SYDNEY, Sept 29 (Reuters) - The blocking of three major deals by Australia's antitrust regulator in the past year was a coincidence, its chair told Reuters, pushing back against concerns among bankers that it has become deal-averse.
Since December, the Australian Competition and Consumer Commission (ACCC) has ruled against a data-sharing agreement between telecoms giant Telstra and internet provider TPG Telecoms as well as a buyout by ANZ bank of a smaller rival. It also blocked a purchase by Transurban of a Melbourne road.
The quashing of the deals, worth a combined A$9 billion ($6 billion), has given rise to concerns within the M&A community that there is now more uncertainty about whether deals can proceed and that foreign investors will have less appetite for Australian transactions.
"There happens to have been a sequence, frankly coincidentally as it turns out, of oppositions," ACCC Chair Gina Cass-Gottlieb said in an interview.
"The vast majority of mergers the ACCC continues to see as not contentious," she added, noting the regulator approved 93% of deals in the year ended in June.
Investors will be closely watching an Oct. 12 ACCC ruling on one of Australia's biggest deals this year - the A$15.4 billion bid by a consortium led by Canada's Brookfield for Origin Energy, the country's No.2 power producer.
There are some concerns that it could be blocked as Brookfield owns AusNet, a poles and wires asset in Victoria state.
COST OF LIVING FOCUS
Cass-Gottlieb, a former competition lawyer who came in to helm the ACCC in March 2022, said there had been no changes in how it assesses deals under her leadership.
But she added the three deals were blocked "in the context where there is much focus, particularly in relation to essential services, on cost of living and cost of doing business pressures".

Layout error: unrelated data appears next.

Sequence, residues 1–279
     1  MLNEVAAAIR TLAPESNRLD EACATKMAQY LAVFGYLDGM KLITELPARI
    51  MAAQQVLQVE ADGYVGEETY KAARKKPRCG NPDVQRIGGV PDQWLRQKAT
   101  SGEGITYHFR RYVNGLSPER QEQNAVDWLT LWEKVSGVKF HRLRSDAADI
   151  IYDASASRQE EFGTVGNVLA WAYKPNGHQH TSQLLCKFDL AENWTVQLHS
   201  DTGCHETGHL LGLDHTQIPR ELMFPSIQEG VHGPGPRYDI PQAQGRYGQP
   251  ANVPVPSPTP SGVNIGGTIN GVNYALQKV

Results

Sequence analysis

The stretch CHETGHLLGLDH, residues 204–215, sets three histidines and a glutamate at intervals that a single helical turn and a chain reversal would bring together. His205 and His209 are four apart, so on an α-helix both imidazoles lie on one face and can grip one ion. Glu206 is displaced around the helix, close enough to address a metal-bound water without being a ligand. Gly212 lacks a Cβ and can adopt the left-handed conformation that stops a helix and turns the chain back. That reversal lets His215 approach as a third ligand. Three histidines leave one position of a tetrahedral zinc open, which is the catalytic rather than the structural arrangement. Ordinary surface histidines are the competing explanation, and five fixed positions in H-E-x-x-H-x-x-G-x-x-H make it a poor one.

The regulator's methods of assessing deals do not change in periods of high inflation, but "we are conscious that the impact of removing competitive pressure on prices is of even greater focus".
Inflation in Australia is running above 5%, nearly double the central bank's target range.
She said the ANZ decision in August was a good example. Australia's No. 4 lender had been looking to buy insurer Suncorp's banking division, but the ACCC was concerned about the supply of agribusiness banking in Queensland, Suncorp's heavily rural home state, she said.
She recused herself from that ruling due to a conflict of interest in her previous career.
Cass-Gottlieb also said she doubted foreign investors have been dissuaded from pursuing deals in Australia which does not require companies to get formal clearance before proceeding with a takeover.
Investors from abroad "are sophisticated, well-advised parties and they would be dealing with antitrust agencies in multiple jurisdictions", she said. "I don't think there is anything here that is going to raise a red flag."
Australian inbound announced M&A deals have roughly doubled this year to be worth $41.9 billion, according to LSEG data.
Cass-Gottlieb has said she wants to make it harder for already dominant players to build market share incrementally, noted Stephen Corones, an emeritus professor at Queensland University of Technology and a former chair of the Treasurer's consumer advisory committee.
The watchdog under Cass-Gottlieb is "applying the existing law in a way that gives effect the reform it's seeking", he said in an email.
Hannah Marshall, a partner at Marque Lawyers who specialises in competition law, said she supports the ACCC's focus on essential services, but questioned decisions where the regulator has blocked a deal and offered alternative, preferred, buyout scenarios that involved different companies.
"It's fair that the Commission is concerned to protect critical industries like transport, telco and banking, but it's also true it has gone too far with its future scenario analysis," she said.
"The recent stream of merger blockages will make foreign investors think twice." ($1 = 1.5521 Australian dollars) (Reporting by Byron Kaye and Scott Murdoch; Editing by Edwina Gibbs)